Monday, March 26, 2007

A treatise on the lust for efficiency, bureacratic idiocy, psychological torture and questioning your last, greatest major life decision (Part 6)

Day 8 (Tuesday: God performs his Miracle in 8 days this time)

We show up around 9:00 am. We go to our guy, Officer Mendez, and show him our ticket from the other day. He looks in the system and finds us there. The brilliant rookie did not let us down. However, he says with a smile that he can’t help us because we didn’t get a ticket. We say the ticket in his hand is our ticket. It says we can come any time of day. He says that was true yesterday. Today, we need a new ticket. Violent thoughts I won’t share were now flashing through my mind. Sylvie’s on the verge of tears again. We see his supervisor. Supervisor’s supervisor. After 15 minutes of begging the beta supervisor she decides to give us two of the tickets she's holding in her pocket, like candy for good little boys and girls. It’s numbers 58 and 59. That’s 1:00 pm on a good day. But today is special. Remember, I told you about 6 de Diciembre. Well, Tuesday is the day before 6 de Diciembre. So, the workers are now actively lobbying their supervisors for a half day ending at 12pm. The supervisor who gave us the ticket is not sure if they’ll get it. Of course, we can wait and see. What else can we do? We wait. If we don’t get it today, we most likely won’t get it until the following week.

We talk to Denise from Pittsburgh who’s lived in Ecuadorfor 30 years. She assures us this is par for the course. In between regaling us with her stories, she talks to her husband about getting him to bribe someone so she can get her censo more quickly. She’s got number 93. Around noon (about 10 turns before ours), an officer announces that “the system is not working”. You think I’m making this up. How in the world could I make all this up? “The system’s not working”. We can wait if we want. Maybe it will start working again. Now, if this doesn’t sound like a reason for a half day of work, I’ve never heard one. Despite this, we wait. Some others leave. After a few minutes, numbers start getting called again (the numbers of people who have left because, unlike us, they have no faith in the system). Before we know it they’re at 46, 47. And then our number gets called. We go, this time to a different officer in the booth next to Officer Mendez. We hand over our stuff. He checks the system. We’re there. Sylvie says something about Officer Mendez having told us everything was in order. He says “why don’t you have him help you?” Sylvie answers, “because you seem nice and like you want to help us.” He answers, “and so you punish me for being nice.” This moment confirms for me that these guys are just looking for a reason not to help us. Not like a needed that, but I mean it really drives home the “$%@ you” point being made over the past week. I tell Sylvie “stop talking, he’s doing it”. We’re silent. He snaps our pictures. Some Japanese guy is all up on our necks trying to get in next, busting line. I tell him to back up. And then, Officer whatever-his-name-was does IT; something we didn’t believe could actually happen. He hands us our censos. I’m sorry there’s not a better, funnier ending to this long, long story. But the truth is that, that was it. The anticlimax here is the same that we felt at that moment. There was no jubilation; no sense of victory. Just disbelief and heavy pondering to fill the rest of the afternoon. How in the green earth did we just waste so much time for a poorly laminated photo id? I still don’t quite know. I hoped telling the story might help me figure it out. It’s not something I could even do for the first few weeks after it happened. But now, after a few month’s separation from the pain and frustration and rage I can at least talk about it. I don’t think there’s a moral to this story. I don’t know that we handled it the right way. In fact, any insight or advice is welcome. If anything, we learned something about ourselves and a little word called persistence. I think we tell kids something about character building when things like this happen. For us, we can only view it as some sort of national hazing or cosmic test. Could it be that, in the end, our toughest test in Ecuador will have come in the first two weeks? We won’t bank on it, but we can always hope.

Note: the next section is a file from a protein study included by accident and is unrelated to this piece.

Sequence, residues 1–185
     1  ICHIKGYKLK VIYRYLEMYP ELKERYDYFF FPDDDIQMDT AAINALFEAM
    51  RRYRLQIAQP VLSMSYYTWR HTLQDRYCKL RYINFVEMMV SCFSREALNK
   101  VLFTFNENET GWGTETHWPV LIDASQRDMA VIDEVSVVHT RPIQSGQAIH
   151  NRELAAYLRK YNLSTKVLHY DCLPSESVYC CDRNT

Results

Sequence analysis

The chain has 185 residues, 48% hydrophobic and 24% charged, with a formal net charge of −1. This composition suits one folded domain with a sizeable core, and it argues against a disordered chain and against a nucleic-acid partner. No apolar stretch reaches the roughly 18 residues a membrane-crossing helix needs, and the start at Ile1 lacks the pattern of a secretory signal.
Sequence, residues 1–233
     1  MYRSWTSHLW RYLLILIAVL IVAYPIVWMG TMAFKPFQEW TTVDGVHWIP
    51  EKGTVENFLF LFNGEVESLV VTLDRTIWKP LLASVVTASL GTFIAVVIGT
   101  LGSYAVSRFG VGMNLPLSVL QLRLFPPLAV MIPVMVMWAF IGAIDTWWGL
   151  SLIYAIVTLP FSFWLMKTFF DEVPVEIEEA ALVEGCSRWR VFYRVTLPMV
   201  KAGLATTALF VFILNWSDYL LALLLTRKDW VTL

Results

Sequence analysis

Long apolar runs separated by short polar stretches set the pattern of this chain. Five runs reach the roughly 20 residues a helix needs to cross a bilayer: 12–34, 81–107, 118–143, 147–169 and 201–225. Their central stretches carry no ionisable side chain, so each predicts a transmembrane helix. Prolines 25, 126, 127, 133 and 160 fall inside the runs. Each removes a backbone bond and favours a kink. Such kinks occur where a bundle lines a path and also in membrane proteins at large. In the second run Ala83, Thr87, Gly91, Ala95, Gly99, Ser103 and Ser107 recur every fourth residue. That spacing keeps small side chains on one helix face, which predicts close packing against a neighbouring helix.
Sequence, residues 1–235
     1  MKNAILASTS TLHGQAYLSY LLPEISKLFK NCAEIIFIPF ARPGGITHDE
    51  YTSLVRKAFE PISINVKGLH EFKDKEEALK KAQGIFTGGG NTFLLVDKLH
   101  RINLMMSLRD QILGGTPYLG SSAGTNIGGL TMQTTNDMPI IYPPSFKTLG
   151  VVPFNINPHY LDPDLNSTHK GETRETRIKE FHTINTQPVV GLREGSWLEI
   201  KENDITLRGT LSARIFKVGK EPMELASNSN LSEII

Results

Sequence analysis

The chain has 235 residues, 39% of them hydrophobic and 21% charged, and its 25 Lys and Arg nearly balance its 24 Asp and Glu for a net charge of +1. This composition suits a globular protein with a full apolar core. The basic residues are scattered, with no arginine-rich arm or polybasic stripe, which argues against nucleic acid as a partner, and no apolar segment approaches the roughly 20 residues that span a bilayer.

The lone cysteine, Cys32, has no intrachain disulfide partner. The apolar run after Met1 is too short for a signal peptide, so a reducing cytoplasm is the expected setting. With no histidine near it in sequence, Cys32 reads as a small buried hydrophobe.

3 comments:

mdcphilly said...

Doing a good job a making me appreciate good old US bureaucracy. Now I want to hear about the beautiful latinas!

Umi said...

To a previous reader's point I'll remind us here that Philly bureacracy is damn near as corrupt and slow. In terms of beautiful Latinas, I'll remind you that I'm married and you, my friend, are trying to get me fired.

mdcphilly said...

Entiendo. Diga discupla a tu esposa bella.